The District occupies an area of 1,257.1 square kilometres with a population density (crude) of approximately 98 persons per square kilometres. The District is located at the north-eastern corner of the Northern Region of Ghana. It shares boundaries in the North with the Garu-Tempane, to the East with Togo, West with East Mamprusi and to the South with Gushiegu and Chereponi Districts.
Location and Size
The district is located to the north-eastern corner of Northern Region. It shares boundaries with Garu-Timpani district in the Upper East Region to the North and the Republic of Togo to the east. It is bordered to the west by East Mamprusi and to the South by Gushegu and Saboba/Chereponi Districts. It is on longitude.... and latitude 0?. The district has an estimated total land size of 1,257.1 square kilometres which is 2% of the land size of northern
Relief and Climate
The District lies about 1850 above sea level on hilly grounds with isolated rocky areas that are not arable. It is situated in the tropical continental belt western margin and experiences a single rainfall regime in April to October after which, it comes under the influence of the tropical continental air masses. (CT). The mean annual rainfall is about 100cm to 115cm. The annual range of temperature is about 390C as the highest and as low as 250 C.
The District lies in the tropical continental belt western margin and experiences a single rainfall regime in April to October after which it comes under the influence of the tropical continental air masses. The mean annual rainfall is between 100mm to 115mm. The annual range of temperature is between 300C to 400C.
Drainage and Vegetation
The White Volta enters the District from the north-east and more or less serve as the boundary between the District and the Garu/Tempane District. The Nawonga and Moba rivers also drain through the south – western part. The District lies in the interior woodland savannah belt and has common grass vegetation with trees such as sheanut trees, baobab, and acacia. Grasses grow in tussocks and can reach a height of 3 meters or more. The landscape is generally gently rolling with the Nakpanduri (formerly, Gambaga) escarpment marking the northern limits of the Volta in sandstone Basin. Apart from the mountainous areas bordering the escarpment, there are very little run-offs when it rains. This implies that for a greater part of the District rainwater seeps into the ground.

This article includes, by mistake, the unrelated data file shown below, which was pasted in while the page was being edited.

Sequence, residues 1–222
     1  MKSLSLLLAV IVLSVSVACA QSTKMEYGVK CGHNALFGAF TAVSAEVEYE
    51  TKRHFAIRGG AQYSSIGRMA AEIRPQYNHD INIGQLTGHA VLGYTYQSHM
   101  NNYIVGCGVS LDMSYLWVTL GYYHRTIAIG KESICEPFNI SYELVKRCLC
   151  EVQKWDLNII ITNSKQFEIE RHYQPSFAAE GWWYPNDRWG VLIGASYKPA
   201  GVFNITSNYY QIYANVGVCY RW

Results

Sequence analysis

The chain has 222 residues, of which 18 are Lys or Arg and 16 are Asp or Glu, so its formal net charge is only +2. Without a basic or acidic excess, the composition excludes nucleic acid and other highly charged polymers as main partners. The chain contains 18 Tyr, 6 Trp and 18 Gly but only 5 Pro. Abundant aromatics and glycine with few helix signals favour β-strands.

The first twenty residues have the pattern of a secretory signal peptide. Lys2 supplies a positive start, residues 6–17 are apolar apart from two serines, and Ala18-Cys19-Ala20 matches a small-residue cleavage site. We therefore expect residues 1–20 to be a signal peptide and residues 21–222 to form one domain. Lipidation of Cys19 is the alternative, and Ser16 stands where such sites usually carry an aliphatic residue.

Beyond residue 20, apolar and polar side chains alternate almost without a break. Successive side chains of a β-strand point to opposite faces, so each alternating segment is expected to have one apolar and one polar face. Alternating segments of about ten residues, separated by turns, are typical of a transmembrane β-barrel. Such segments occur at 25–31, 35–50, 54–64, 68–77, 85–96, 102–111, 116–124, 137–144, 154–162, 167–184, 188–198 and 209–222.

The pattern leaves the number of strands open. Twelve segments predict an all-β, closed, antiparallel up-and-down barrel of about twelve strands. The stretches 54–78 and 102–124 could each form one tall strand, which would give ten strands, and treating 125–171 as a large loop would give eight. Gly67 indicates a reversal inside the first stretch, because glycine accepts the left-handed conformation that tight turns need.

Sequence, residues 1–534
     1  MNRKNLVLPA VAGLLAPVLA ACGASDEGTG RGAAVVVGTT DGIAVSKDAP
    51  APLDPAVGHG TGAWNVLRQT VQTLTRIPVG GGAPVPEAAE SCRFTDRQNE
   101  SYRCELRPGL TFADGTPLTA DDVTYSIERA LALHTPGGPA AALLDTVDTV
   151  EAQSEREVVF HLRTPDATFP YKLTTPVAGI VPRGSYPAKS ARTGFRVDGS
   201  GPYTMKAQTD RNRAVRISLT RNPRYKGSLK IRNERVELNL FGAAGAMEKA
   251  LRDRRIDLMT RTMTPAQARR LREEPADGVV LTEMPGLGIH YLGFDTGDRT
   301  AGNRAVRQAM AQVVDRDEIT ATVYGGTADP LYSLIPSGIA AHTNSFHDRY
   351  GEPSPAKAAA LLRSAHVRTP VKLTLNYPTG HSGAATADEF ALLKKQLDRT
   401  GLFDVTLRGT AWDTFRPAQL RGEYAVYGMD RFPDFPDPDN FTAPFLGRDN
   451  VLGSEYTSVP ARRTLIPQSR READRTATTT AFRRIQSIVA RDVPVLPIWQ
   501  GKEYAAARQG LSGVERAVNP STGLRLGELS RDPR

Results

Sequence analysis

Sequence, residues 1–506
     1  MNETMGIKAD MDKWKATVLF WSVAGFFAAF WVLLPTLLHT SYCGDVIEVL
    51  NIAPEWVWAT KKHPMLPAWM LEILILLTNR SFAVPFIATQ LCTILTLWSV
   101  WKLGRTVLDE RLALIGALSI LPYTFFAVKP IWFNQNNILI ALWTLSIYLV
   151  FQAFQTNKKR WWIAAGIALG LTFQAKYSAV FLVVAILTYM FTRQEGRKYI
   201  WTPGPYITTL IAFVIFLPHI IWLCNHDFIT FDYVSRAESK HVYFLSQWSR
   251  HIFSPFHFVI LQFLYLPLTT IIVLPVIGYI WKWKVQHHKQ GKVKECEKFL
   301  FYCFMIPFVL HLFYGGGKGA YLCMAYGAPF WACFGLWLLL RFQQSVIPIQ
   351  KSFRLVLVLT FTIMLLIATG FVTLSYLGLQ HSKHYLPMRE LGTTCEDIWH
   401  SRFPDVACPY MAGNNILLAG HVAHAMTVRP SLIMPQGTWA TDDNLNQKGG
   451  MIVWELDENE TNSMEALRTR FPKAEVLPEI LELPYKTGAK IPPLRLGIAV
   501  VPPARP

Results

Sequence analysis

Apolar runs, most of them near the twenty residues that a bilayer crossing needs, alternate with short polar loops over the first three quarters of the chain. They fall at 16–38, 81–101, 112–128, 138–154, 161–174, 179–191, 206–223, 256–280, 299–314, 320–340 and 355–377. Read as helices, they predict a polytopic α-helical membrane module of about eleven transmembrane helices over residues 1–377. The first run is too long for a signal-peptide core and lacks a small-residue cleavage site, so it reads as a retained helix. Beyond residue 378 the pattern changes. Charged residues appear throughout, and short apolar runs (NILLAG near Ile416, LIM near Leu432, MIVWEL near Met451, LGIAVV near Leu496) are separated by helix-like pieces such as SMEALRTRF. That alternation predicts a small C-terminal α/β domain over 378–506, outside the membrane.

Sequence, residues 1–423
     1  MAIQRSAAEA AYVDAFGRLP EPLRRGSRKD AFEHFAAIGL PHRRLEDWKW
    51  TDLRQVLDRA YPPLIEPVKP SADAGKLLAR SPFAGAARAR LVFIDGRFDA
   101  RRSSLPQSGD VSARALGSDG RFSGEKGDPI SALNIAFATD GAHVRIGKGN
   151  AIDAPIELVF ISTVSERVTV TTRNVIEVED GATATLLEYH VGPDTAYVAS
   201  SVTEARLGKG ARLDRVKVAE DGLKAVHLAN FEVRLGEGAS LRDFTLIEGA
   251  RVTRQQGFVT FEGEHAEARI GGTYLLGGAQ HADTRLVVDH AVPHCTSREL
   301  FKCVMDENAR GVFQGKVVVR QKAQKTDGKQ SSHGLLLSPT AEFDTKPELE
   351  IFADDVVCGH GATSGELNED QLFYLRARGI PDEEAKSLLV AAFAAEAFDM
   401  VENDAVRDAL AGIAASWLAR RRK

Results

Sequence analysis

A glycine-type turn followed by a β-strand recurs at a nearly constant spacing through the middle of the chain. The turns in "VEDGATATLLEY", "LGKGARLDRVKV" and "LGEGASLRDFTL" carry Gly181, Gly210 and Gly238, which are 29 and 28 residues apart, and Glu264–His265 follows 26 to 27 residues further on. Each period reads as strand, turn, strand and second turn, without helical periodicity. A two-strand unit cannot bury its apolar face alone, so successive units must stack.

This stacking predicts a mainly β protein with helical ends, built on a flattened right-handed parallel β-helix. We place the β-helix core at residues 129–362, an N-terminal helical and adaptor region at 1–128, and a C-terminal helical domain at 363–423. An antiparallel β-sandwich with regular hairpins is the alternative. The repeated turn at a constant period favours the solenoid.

Topography and Geology
The topography is generally gently rolling with the Nakpanduri (formerly, Gambaga) escarpment marking the Northern limits of the Volta in Sandstone Basin. Apart from the mountainous areas boarding the escarpment there is little runoffs when it rains. This implies that for a greater part of the District rainwater seeps into the ground.
Two main types of soils are found in the district. These are the Savannah Onchrosols and the ground water literates. The Savannah Ochrosols, which covers almost the entire district, is moderately well drained up land solids developed mainly on Voltain Sandstone. The texture of the surface soil is loamy sand to with good water retention. Savannah Ochrosols has high potential for wide range of crops. Some areas do not appear to be fully utilized although they are under considerable pressure in the district. In farming on this land, good farming practices focusing on soil conservation are imperative.
The groundwater Laterites, which covers a smaller portion of the district, is found mainly in the Southern parts. These are concretionary soils developed mainly in voltain shale, mudstone and argillaceous sandstone materials. The soil is highly concretionary with frequent exposures of iron pan and boulders.
The soil is perfectly drained during the wet season and perched water tables may develop. It becomes extremely dry in the dry season. Also exposure enhances formation of ironstone resulting in soil degradation. The build-up of any amount of organic matter is constrained by regular burning of crop residues and/or competitive use of these residues for fuel, animal feed or building purposes. The low vegetative cover during the dry season also renders most of the soils susceptible to erosion during the rainy season. This, in turn, exacerbates the low fertility problem. The sustainability of good crop yields is therefore closely linked with careful management of the soils with the objective of preventing and controlling erosion, increasing their organic matter content (compost, crop residues, farmyard manure, etc) and replacing and increasing plant nutrients lost through erosion, leaching and crop uptake.
Date Created : 11/30/2017 2:10:06 AM